The plight of those who worked in the mills and factories that were helping to create the increasing wealth of the United States in the 1830s is the unrelenting focus of the story. The narrator, as he sets the scene, refers to "the terrible tragedy of their lives," and further characterizes these lives as "a reality of soul-starvation, of living death." The workers endure long hours of monotonous work for low pay. In the mill, the men work stripped to the waist in extremely hot conditions, surrounded by fiery furnaces. The female workers in the cotton mills receive even less pay. Some of the workers at the iron mill are homeless; they are forced to sleep at the mill on heaps of ash. Those who do have homes, like the Wolfes, live in cramped quarters where they sleep on straw. Their diet is inadequate. Deborah's dinner consists of cold boiled potatoes, and she often has to go hungry.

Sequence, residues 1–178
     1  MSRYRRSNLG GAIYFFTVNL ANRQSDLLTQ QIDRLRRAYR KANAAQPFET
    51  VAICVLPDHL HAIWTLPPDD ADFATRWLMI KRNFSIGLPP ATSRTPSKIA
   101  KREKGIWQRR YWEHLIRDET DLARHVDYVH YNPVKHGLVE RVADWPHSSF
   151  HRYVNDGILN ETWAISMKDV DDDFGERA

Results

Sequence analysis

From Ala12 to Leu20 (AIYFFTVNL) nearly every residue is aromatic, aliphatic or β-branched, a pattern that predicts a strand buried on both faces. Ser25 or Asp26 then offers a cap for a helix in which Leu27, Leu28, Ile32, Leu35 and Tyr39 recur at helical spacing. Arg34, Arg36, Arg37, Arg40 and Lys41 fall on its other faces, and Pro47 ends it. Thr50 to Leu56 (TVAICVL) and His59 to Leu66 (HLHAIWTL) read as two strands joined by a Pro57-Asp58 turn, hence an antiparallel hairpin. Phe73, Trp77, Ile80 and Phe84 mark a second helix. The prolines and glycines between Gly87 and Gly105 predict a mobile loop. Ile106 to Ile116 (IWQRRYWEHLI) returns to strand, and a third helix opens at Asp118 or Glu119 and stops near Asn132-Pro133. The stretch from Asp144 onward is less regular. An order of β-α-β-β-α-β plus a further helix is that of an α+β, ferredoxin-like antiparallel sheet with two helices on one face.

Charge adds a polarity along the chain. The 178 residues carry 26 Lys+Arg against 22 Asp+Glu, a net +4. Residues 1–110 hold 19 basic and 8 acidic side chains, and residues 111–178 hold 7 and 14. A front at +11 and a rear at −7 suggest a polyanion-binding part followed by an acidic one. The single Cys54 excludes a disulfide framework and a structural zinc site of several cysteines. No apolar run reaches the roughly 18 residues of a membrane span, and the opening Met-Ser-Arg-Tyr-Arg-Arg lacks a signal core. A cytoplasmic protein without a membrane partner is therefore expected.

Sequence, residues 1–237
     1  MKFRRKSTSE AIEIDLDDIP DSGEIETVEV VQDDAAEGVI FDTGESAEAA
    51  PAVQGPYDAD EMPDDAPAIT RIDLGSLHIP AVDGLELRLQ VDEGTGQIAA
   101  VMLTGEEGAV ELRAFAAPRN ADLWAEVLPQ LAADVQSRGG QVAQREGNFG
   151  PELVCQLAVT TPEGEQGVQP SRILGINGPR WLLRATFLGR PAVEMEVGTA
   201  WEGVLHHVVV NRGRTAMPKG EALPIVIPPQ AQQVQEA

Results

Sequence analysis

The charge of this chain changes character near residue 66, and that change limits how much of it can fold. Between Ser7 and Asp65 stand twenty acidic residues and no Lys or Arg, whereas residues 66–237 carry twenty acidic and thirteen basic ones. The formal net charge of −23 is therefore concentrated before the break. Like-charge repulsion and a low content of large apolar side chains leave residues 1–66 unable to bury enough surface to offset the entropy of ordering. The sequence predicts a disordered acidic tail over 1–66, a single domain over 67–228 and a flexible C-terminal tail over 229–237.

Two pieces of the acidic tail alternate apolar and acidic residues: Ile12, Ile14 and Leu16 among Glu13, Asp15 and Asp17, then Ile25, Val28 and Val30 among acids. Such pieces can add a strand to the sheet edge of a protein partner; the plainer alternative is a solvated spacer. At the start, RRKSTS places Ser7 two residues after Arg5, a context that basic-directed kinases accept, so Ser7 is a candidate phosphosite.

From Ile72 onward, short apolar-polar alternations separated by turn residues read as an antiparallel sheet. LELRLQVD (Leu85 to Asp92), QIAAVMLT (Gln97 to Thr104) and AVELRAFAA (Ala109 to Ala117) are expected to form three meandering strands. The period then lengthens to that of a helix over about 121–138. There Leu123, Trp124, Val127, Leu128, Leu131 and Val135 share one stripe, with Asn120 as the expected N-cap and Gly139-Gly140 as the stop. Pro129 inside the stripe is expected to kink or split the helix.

These people are not given the chance to live with any semblance of human dignity, and those in higher positions in society who might be in a position to help them invent various excuses that allow them to accept the status quo. The monied interests, represented by Kirby, do not accept that they have any responsibility to alleviate the suffering of their workers. The business of money is simply to make more money. As far as Kirby is concerned, his workers can cut one another's throats in drunken fights for all he cares. Doctor May seems to regard himself as a philanthropist—or so Mitchell thinks, as he refers to May as the "heart" as opposed to Kirby, who is the "pocket of the world." The doctor does indeed have a social conscience and recognizes the gravity of the problem. "God help us! Who is responsible?" he says, but he can offer no more than a well-meaning, sentimental idealism that will not commit to any social action. Mitchell, the "head" in the triumvirate of head, heart and pocket, offers nothing either. In his view, sophisticated ideas of reform offered from above are no use to the workers, who must give birth to their own leaders out of the desperation of their need. Mitchell thinks that the doctor's talk about the right of the workers to improve themselves smacks too much of socialism, and he mentions the name of Henri de Saint-Simon (1760-1825), the founder of French socialism. But Mitchell thinks the dissemination of such views will only encourage the workers to go on strike for higher wages.